By Mitch Adel
Long-term care insurance is one option to help pay for the costs associated with caring for individuals who need help with the activities of daily living such as bathing, eating and using the bathroom. Most long-term care insurance policies today pay for care at home, in assisted living or in a nursing home. Planning to cover this type of care is a critically important piece of the estate planning puzzle for many families and individuals due to the rising costs for care. Unfortunately, costs are increasing substantially for insurance companies as well, leaving seniors with a shifting landscape as they attempt to obtain long-term care insurance for themselves.
A recent article by Jane Gross in the New York Times outlined some of the most significant developments in. long term care insurance. Gross points out that rising costs have prompted some national insurers to conclude that the current long-term care insurance model is unsustainable and many have chosen to stop writing new policies altogether. Those that still offer long-term care products are working to “raise premiums, tighten eligibility requirements and reduce key benefits.”
Perhaps most significant development of all is that insurers are raising rates for women. Beginning in April, many insurers are hiking rates as much as 40% above the equivalent costs for men. With $2 out of every $3 paid out by these policies going to women, and considering that seven out of ten nursing home residents are female, insurance companies are making a strategic shift in their pricing strategies.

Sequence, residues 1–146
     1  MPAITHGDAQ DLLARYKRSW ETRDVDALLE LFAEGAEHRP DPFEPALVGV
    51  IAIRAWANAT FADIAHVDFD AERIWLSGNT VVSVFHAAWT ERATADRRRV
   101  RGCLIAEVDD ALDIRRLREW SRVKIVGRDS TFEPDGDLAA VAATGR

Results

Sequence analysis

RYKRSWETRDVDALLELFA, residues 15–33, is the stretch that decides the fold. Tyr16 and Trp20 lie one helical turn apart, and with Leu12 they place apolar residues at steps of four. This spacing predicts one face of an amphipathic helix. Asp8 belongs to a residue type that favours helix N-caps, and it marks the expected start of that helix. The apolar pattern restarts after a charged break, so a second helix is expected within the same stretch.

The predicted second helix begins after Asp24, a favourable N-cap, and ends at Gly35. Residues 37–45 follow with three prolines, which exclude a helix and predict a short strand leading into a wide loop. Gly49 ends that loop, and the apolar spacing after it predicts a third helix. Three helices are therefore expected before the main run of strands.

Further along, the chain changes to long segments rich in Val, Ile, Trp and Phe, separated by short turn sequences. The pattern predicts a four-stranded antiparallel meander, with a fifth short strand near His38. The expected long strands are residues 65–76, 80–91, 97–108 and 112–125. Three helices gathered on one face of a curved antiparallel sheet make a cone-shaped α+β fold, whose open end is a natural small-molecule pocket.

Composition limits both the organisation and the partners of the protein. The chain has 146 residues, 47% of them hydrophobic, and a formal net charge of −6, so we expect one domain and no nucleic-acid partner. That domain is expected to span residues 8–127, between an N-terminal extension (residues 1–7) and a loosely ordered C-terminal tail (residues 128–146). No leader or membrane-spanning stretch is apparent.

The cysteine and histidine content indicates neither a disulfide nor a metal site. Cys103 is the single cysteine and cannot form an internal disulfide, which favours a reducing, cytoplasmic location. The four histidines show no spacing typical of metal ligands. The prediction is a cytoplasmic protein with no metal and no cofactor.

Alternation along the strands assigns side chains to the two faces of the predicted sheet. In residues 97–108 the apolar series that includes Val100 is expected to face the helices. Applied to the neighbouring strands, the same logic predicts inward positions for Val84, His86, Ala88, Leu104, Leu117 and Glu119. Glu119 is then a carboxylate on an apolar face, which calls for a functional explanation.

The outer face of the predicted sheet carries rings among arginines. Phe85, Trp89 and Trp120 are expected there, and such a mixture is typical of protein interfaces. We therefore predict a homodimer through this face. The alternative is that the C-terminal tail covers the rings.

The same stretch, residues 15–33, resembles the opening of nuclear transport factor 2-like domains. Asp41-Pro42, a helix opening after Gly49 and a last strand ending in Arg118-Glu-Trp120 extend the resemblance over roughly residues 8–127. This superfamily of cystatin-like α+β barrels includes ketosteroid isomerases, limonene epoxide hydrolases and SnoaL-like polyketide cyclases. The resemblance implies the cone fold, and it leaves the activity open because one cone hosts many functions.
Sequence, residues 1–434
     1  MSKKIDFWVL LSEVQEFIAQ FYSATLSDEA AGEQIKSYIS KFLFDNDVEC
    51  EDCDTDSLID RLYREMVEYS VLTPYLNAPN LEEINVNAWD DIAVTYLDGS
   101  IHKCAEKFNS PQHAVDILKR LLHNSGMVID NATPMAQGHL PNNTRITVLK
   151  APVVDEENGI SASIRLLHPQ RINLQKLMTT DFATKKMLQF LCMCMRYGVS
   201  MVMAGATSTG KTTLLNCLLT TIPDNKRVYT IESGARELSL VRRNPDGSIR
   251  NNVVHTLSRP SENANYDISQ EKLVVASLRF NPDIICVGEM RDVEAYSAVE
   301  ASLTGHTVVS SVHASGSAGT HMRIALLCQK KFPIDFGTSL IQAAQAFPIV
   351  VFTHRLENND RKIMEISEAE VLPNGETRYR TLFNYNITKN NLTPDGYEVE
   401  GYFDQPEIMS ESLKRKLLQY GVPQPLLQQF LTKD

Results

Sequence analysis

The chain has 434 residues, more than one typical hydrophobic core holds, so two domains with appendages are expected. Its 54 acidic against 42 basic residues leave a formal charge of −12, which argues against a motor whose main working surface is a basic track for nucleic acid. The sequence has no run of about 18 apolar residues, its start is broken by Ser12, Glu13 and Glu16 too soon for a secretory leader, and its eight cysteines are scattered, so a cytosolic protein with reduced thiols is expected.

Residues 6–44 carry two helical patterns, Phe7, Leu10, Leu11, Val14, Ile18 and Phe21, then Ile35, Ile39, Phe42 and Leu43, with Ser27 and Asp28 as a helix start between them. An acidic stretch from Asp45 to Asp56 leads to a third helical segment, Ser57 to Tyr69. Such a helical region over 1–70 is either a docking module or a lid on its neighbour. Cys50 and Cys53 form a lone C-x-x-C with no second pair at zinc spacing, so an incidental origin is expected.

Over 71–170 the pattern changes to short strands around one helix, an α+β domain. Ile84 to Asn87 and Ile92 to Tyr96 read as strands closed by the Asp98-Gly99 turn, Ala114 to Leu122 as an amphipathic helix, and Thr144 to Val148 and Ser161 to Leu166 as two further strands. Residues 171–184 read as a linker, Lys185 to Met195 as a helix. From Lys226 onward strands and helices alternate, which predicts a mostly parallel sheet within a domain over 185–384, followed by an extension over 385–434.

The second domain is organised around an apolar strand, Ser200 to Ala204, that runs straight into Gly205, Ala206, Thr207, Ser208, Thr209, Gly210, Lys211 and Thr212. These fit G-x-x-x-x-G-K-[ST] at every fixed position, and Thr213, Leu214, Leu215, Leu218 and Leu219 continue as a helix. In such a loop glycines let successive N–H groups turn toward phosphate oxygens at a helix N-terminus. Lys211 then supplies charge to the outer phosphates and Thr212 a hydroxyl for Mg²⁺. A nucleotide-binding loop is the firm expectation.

What does this mean for you and your family? In addition to the higher premiums and leaner benefits, insurers are already demanding stricter and more comprehensive underwriting policies and procedures, including more invasive medical tests, such as blood tests, and a stricter review of your medical history. While phone interviews were sufficient in the past, in-person meetings and interviews are now becoming standard procedure.
These changes make it even more critical to review your plan with your team of legal and financial advisors and ensure that assets are protected from potential long-term care costs. Many people are unaware that Medicare covers virtually no long-term care expenses, leaving the uninsured vulnerable to the stratospheric costs of care at home or in a facility. But with the landscape shifting beneath your feet, the time is now to explore your options and get prepared.
From a cost-benefit standpoint, purchasing long-term insurance still makes sense for those who are healthy now and those who can afford to pay the premiums.There is a real incentive to act sooner rather than later because the price of long-term care insurance goes up dramatically as you age. As a matter of fact, waiting can cost you thousands of dollars more… or worse, you may not be able to qualify if your health changes.
If you already own a long-term care policy, you may be in a good place, but understand that many seniors, particularly women, will almost certainly need to find alternatives as their premiums for long-term care insurance will likely increase. Further, if you have a health conditions such as diabetes, mobility problems or Parkinson’s, it can mean that you are unable to purchase long-term care insurance at any price.
What is a good course of action that you should consider right now? Work with an elder law attorney who can make you aware of options to plan and pay for care at home or in a facility.These may include planning in advance to qualify for public benefits and/or veteran’s benefits in addition to potentially purchasing long-term care insurance.
When it comes to your health and wellbeing, it pays—literally— to think long term.
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